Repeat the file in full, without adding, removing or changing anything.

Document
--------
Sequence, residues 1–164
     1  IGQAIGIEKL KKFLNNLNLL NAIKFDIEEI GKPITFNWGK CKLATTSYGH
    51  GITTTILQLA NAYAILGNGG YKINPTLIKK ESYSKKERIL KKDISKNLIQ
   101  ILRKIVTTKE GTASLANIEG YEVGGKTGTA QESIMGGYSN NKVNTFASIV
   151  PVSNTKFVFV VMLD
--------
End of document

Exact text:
Sequence, residues 1–164
     1  IGQAIGIEKL KKFLNNLNLL NAIKFDIEEI GKPITFNWGK CKLATTSYGH
    51  GITTTILQLA NAYAILGNGG YKINPTLIKK ESYSKKERIL KKDISKNLIQ
   101  ILRKIVTTKE GTASLANIEG YEVGGKTGTA QESIMGGYSN NKVNTFASIV
   151  PVSNTKFVFV VMLD